About Spinal Physiotherapy
Back or neck pain is sometimes the result of an injury to the spine, whiplash, sports accidents, sciatica, or poor posture. No matter the cause, it is uncomfortable and can leave you immobilised. Injuries to the spine can happen when joints and soft tissues become over-stretched or are placed under pressure during lifting and sudden movements.
Active Physiotherapy has a team of expert physiotherapists able to provide treatments to relieve back and neck pain, swelling, and general discomfort, whether from a sporting, work related injury or other trauma. We will tailor-make a program to bring you back to health and teach you to how to prevent future injury. Treatment utilises a variety of modalities and techniques ranging from manual therapy to hydrotherapy, ultrasound, dry needling, and others. We would advise you not to ignore spinal pain. Seek treatment as soon as possible, as it can worsen and cause ongoing dysfunction.
Four out of five people suffer from upper and/or lower back pain, so chances are good that you will experience discomfort in this area at some point in life. It is normally triggered through injury, poor posture, tension, or lifting heavy objects incorrectly, as well as leading a sedentary life. It makes your back feel tender, achy, and stiff, and often there can be a nagging pain or sharp pains with certain movements. This type of pain is more common in the lower back, although back pain covers the area from the neck to the hips. Generally it will improve within just a few days, and surgery is rarely needed. For more ongoing back pain we would recommend treatment with physiotherapy. It can usually be resolved promptly with appropriate intervention. The physiotherapists at Active Physiotherapy will also advise you on preventing future episodes of back pain. There are many different types of back pain, including:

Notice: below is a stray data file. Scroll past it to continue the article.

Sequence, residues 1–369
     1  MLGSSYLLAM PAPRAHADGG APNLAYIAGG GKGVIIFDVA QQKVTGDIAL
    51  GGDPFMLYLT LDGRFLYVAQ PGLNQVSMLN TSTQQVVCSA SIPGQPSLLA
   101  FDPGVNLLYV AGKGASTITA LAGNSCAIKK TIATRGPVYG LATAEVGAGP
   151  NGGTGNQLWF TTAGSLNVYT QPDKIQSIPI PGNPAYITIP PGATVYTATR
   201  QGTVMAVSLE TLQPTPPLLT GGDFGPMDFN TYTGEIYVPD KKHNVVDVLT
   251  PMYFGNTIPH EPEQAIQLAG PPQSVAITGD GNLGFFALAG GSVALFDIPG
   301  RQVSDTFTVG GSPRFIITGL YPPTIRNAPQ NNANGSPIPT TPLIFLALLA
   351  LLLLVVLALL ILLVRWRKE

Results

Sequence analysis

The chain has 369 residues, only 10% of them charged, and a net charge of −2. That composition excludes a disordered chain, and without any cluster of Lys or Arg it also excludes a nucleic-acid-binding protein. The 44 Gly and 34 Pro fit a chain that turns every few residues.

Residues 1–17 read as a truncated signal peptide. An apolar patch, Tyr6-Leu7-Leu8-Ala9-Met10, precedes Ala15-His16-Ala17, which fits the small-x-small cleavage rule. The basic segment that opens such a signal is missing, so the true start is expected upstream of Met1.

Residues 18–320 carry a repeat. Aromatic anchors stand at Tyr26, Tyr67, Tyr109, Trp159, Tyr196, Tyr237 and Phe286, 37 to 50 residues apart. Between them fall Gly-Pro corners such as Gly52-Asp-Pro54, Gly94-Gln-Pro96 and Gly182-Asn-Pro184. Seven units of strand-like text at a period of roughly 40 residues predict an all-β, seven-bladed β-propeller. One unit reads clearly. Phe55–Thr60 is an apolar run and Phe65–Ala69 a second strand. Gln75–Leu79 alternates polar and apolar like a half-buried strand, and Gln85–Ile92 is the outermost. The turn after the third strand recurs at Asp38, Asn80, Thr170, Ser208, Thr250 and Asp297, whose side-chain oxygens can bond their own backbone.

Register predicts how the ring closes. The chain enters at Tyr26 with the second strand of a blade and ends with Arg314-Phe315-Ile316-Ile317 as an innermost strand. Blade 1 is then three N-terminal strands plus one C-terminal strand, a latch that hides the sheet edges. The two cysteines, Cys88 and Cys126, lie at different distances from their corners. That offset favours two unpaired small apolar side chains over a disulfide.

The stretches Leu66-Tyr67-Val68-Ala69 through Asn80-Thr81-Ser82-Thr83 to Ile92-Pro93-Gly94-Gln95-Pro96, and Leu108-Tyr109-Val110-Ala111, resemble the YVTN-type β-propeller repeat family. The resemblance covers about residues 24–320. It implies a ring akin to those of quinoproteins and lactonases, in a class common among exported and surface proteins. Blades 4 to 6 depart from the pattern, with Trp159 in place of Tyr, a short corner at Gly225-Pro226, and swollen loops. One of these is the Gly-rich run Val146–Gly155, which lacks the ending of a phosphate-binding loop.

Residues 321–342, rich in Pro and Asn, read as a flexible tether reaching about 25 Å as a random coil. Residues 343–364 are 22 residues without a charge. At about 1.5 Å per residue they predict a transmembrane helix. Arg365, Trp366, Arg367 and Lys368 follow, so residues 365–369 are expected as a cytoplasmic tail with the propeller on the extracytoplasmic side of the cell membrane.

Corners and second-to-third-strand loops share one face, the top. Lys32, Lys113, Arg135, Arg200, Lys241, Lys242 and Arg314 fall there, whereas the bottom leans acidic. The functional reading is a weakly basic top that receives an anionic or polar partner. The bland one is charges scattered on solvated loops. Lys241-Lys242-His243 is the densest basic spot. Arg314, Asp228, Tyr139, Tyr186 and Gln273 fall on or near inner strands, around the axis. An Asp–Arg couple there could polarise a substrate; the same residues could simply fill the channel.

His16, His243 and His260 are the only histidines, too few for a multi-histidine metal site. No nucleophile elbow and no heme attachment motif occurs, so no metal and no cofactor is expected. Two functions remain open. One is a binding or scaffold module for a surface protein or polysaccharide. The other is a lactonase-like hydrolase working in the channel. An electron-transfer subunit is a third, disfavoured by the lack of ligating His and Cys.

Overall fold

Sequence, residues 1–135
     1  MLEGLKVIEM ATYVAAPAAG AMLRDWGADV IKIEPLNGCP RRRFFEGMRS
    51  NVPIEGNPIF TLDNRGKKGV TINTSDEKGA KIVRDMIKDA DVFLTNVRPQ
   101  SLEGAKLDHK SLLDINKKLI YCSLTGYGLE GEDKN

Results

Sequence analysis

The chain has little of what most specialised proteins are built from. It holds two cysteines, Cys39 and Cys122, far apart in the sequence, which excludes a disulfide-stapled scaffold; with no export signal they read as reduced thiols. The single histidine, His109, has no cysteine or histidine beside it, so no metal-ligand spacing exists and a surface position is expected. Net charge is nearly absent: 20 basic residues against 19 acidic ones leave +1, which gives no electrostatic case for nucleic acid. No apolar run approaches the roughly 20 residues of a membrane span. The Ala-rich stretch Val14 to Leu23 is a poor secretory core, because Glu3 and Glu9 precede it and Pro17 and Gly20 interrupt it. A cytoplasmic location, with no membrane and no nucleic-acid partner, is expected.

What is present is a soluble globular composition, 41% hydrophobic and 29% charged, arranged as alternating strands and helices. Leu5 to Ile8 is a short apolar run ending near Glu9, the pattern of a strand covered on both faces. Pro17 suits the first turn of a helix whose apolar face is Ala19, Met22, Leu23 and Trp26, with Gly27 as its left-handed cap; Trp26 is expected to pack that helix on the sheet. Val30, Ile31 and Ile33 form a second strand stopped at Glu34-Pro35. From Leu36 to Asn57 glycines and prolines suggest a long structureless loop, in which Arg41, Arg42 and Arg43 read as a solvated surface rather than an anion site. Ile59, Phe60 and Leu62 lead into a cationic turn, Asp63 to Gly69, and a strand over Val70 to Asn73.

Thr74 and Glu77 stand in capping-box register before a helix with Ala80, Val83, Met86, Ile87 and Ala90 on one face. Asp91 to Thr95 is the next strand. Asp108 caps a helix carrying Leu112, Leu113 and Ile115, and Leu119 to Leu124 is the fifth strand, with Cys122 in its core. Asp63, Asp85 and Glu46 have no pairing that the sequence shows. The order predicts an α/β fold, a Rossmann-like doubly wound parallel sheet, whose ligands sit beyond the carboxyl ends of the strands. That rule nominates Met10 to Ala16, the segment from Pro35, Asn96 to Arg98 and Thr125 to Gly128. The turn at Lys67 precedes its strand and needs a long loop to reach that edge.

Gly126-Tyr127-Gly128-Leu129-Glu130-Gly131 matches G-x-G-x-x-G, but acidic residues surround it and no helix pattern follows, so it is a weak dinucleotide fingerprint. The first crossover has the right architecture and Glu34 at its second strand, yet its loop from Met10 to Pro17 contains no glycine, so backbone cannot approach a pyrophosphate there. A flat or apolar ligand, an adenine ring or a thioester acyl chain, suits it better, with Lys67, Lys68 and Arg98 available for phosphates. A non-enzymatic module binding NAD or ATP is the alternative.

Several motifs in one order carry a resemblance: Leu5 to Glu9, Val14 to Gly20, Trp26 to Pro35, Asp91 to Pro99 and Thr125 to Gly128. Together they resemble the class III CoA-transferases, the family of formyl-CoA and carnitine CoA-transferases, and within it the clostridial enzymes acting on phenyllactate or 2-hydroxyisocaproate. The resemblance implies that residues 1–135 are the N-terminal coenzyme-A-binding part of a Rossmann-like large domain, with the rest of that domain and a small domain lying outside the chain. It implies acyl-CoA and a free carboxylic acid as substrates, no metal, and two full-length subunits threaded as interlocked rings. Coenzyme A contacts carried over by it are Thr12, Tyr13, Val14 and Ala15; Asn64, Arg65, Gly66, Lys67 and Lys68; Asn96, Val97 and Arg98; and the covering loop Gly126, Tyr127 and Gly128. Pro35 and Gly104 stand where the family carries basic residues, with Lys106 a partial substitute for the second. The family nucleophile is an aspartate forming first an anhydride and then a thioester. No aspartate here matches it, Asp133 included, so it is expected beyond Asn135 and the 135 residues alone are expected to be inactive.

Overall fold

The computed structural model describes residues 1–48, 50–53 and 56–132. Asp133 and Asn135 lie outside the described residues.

- Sciatica is pain caused by irritation of the sciatic nerve. This pain travels down your lower back to your leg or calf and can be very uncomfortable.
- Neck pain or stiffness in this area is very common and can be caused by sleeping awkwardly, using a computer for prolonged periods of time, sitting in a draught, or experiencing stress and anxiety.
- Pre- and post-natal back pain. Physiotherapy can alleviate symptoms (see Women’s Health).
- Spinal fracture may be caused by osteoporosis and referred to as compression fracture (generally occurring in the upper back or thoracic region).
- Degenerative disc disease is one of the most common causes of low back and neck pain, and is caused from a degenerated disc in the spine.
- Scoliosis is the abnormal curvature of the spine to the side, and can cause back pain, particularly in adults.
- Whiplash is normally the result of injury and a sudden movement of the head forwards, backwards, or sideways. This is common after a car accident. It presents in the form of neck pain, stiffness, tenderness, and headaches, as well as reduced neck mobility.
- Slipped disc (or prolapsed disc) happens when one of the discs that sit between the vertebrae is damaged and puts pressure on the nerves.
- Spondylitis is a long-term condition where the spine becomes inflamed and results in back pain, stiffness, swelling, and fatigue.
- Osteoporosis is a condition affecting the bones that causes them to weaken and become fragile. This means they are more likely to fracture.
Back Pain Treatment
Most back pain can be treated and normally only lasts a few short weeks. Active Physiotherapy physiotherapists are able to tailor an individual recovery plan to manage pain and reduce reoccurrence of the problem. Physiotherapy uses various modalities and techniques to treat the back pain that may include.
- Exercise (either regular, monitored exercise through classes, use of the gym, swimming, walking, or through tailored exercises that strengthen muscles and improve posture).